Week 1 Discussion
The discussion assignment provides a forum for discussing relevant topics for this week based on the course competencies covered.
To support your work, use your course and text readings and also use the South University Online Library. As in all assignments, cite your sources in your work and provide references for the citations in APA format.
Start reviewing and responding to the postings of your classmates as early in the week as possible. Respond to at least two of your classmates’ initial posting. Participate in the discussion by asking a question, providing a statement of clarification, providing a point of view with a rationale, challenging an aspect of the discussion, or indicating a relationship between two or more lines of reasoning in the discussion. Cite sources in your responses to other classmates.
Sample Size and Statistical AssumptionsCertain basic assumptions are necessary to allow for the statistical analysis of public health data. However, the validity of these assumptions can be affected by the sample size being analyzed. The purpose of this assignment is to refresh your knowledge of the basic assumptions underlying the biostatistical analysis and to consider how these assumptions are affected by the sample size being analyzed.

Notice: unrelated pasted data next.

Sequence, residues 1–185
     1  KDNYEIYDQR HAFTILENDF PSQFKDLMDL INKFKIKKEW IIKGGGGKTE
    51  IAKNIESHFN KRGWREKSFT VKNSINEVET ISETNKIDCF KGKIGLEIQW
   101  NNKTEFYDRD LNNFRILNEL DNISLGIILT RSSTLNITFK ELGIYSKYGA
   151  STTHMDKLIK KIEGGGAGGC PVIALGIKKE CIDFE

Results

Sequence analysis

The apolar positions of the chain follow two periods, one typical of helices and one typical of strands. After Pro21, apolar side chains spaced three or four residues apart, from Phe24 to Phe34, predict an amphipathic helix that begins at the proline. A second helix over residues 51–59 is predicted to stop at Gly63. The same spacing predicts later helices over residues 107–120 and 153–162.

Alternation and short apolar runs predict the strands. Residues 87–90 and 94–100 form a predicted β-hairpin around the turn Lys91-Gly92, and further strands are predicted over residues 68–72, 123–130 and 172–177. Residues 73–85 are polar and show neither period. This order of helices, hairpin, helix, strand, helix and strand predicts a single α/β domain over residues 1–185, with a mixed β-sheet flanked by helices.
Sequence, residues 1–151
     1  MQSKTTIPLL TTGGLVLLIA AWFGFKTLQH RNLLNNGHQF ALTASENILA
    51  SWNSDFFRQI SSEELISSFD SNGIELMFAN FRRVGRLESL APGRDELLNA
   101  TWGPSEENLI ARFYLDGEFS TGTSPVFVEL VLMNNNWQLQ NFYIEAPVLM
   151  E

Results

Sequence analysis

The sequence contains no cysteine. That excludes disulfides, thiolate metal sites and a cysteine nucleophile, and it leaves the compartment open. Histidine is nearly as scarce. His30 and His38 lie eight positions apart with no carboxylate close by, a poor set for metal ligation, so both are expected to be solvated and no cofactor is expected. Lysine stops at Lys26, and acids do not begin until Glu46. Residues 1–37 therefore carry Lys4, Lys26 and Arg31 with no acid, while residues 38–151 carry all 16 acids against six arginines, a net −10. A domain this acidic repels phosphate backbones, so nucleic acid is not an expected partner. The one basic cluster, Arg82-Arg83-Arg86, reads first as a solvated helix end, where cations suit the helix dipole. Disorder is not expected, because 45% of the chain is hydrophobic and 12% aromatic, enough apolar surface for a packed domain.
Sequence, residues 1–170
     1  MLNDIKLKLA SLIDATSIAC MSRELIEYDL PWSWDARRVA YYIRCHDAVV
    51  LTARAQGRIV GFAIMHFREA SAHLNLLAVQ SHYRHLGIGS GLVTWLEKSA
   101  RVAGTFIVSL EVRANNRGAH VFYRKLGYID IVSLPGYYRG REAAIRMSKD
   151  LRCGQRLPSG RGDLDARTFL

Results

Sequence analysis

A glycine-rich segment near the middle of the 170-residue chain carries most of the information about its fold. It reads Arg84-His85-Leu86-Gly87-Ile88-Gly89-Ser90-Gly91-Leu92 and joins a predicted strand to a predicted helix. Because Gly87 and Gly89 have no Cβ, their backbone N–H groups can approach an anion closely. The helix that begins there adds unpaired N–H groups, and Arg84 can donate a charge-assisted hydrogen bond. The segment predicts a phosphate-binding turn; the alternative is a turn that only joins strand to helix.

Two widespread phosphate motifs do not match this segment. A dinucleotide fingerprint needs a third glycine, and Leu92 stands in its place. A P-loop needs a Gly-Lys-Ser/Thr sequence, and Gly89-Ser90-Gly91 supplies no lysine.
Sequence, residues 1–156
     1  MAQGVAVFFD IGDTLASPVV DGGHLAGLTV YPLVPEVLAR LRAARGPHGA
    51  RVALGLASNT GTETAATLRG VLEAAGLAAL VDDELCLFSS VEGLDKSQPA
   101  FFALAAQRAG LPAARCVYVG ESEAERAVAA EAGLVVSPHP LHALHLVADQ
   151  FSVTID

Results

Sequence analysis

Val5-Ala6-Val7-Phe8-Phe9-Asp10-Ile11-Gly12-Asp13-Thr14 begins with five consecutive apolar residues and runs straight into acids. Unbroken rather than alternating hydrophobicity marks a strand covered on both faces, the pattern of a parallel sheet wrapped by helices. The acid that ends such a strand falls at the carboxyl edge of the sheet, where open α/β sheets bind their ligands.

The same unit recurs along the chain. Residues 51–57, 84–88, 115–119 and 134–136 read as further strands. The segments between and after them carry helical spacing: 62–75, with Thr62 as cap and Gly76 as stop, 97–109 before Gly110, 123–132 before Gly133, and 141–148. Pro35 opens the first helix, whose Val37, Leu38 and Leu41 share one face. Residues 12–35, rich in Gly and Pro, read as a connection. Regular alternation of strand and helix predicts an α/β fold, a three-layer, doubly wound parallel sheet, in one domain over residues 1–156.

Using the South University Online Library, the Internet, and your text readings, research the following statistical topics:
- Statistical power
- Central limit theorem (CLT)
On the basis of your research and understanding, respond to the following:
- Find and state the definition of statistical power that you identify with.
- State the definition of statistical power in your own words.
- Compare and contrast type I and type II errors.
- Explain how power is affected by sample size.
- Find and state the definition of CLT that you identify with.
- State the definition of CLT in your own words.
- Summarize the basic assumptions underlying hypothesis testing and confidence interval methods.
- Explain how these assumptions are affected by sample size.
- Explain the relation of a sample size to the basic assumptions underlying biostatistical analysis.